Food & Culture
The Time Chris Cornell and Eddie Vedder Watched the Kingdome Blow Up
That morning, the rock stars were just a couple Seattleites in the crowd.
By Michael Rietmulder May 25, 2017
Lee LeFever wasn’t a Seattle sports fan. Images of Ken Griffey Jr. patrolling the Kingdome’s turf or the late Cortez Kennedy gobbling up running backs aren’t filed in his nostalgia bank.
But when a buddy invited him to watch the Kingdome’s demolition from a nearby rooftop, the amateur photographer was on board. His construction worker pal had a job at the Newmark Tower on 2nd Avenue and Pike Street, and had an in on a small viewing party.
The sky was clear that Sunday morning, as a camera-toting Lefever and 50 or so others gathered to watch 24 years of Seattle history go kaboom. “The view was beautiful. Awesome day, sunny, the Space Needle was very clear from there,” the North Carolina transplant recalls. Then out of nowhere, he heard someone say, “Wait, is that Eddie Vedder over there?”
In strolls the Pearl Jam singer followed closely by Chris Cornell. Suddenly the intimate explosion party had serious Seattle star power.
While Griffey posters never lined his bedroom walls, LeFever was part of the “grunge generation,” reared on the Seattle sound the frontmen standing before him helped build. It was partly why he moved here in 1998. “At the time, Seattle was like the city on the hill,” the Mount Baker resident recalls. “There was no cooler place to be than Seattle in those formative years for me.”
It took considerable restraint for LeFever to not go into total fan-boy mode. He hatched a plan to ask the rock stars to take his picture with the Space Needle behind him, a bit he thought would be a surefire hit. Ultimately, he opted to “play it cool” instead of bugging the grunge kings, who appeared deep in conversation, he says.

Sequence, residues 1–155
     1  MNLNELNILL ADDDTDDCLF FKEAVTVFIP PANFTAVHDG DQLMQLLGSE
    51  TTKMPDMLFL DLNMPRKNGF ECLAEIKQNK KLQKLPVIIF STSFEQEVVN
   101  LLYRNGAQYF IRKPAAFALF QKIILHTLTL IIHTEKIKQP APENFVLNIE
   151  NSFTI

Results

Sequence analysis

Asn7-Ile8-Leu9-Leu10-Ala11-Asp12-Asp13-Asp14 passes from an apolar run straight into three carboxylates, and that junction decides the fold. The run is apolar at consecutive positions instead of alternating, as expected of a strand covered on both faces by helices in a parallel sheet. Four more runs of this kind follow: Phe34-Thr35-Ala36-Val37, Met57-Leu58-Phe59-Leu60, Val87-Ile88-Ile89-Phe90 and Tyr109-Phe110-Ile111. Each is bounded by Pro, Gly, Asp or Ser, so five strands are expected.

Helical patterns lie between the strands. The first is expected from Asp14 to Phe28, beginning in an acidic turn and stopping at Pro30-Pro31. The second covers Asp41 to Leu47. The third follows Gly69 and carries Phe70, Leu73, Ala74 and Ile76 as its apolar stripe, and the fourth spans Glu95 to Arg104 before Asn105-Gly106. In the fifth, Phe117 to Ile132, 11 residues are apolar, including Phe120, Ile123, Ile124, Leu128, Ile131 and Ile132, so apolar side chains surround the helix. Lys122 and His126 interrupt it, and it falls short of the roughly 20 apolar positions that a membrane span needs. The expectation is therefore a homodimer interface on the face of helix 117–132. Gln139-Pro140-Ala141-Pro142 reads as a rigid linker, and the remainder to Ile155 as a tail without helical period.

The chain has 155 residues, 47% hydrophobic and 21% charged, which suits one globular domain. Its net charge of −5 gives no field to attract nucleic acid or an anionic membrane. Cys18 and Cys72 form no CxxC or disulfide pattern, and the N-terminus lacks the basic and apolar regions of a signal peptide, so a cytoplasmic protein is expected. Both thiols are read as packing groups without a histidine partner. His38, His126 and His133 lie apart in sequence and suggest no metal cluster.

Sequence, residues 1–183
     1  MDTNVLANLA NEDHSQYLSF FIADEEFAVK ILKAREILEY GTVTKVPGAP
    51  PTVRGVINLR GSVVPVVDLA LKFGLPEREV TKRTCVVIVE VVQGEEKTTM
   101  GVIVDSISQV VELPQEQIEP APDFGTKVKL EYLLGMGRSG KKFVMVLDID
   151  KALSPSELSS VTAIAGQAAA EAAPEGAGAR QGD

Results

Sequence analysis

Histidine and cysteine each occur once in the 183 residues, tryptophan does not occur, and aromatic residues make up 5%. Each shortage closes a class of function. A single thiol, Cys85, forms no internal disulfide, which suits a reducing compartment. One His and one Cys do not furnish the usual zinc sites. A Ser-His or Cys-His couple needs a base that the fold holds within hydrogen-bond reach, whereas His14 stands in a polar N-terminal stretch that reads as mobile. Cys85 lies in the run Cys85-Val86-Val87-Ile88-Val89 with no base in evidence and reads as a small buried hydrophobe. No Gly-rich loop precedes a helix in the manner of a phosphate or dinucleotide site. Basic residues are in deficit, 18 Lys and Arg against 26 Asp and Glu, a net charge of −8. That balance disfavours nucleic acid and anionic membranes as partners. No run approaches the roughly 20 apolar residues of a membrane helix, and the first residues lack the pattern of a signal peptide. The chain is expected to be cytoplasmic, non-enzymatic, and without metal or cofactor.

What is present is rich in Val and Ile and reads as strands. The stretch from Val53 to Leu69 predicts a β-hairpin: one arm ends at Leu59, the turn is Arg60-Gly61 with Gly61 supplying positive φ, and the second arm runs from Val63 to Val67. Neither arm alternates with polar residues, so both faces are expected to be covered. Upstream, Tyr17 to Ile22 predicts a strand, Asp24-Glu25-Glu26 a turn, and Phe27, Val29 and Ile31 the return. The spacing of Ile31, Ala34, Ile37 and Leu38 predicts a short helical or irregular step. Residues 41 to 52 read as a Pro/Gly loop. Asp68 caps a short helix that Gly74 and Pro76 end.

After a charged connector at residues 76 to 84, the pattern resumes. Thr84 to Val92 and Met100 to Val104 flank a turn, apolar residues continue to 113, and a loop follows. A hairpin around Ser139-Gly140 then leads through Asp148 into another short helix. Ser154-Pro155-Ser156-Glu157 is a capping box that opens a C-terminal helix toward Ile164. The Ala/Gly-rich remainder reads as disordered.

Surprisingly few people approached the singers, although LeFever managed to discreetly snap a few pictures.
“I like to think that Seattle’s a different kind of place,” he says. “I like to think that people are a little bit over that. … Letting people do their thing is a part of Seattle culture.”
Of course, this was all before social media’s pop-culture incursion. These days the presence of two of Seattle’s most famous musicians might have triggered a selfie marathon, LeFever concedes. But that morning 17 years ago, Cornell and Vedder were just a couple Seattleites sipping coffee and watching the rebar carnage.
As the countdown to the Kingdome’s demise began, LeFever’s focus shifted to the crackling explosives going off around the stadium. “It was almost like a gun being fired over and over—pow pow pow pow pow pow! Then things just crushed and there was this deafening roar that was like one big thunder clap.”
In seconds, it was over. As the stadium crumbled, the site was enveloped in a “cloud of dust” that coated the city as far as Capitol Hill, LeFever recalls. By the time he left, Vedder and Cornell had already split.
“Unfortunately with everything that happened in 2016, I’ve become a bit numb to famous people dying,” LeFever says. “But I was sad. He’s a legend. I grew up with his music.”
And he’ll always have that morning on the roof.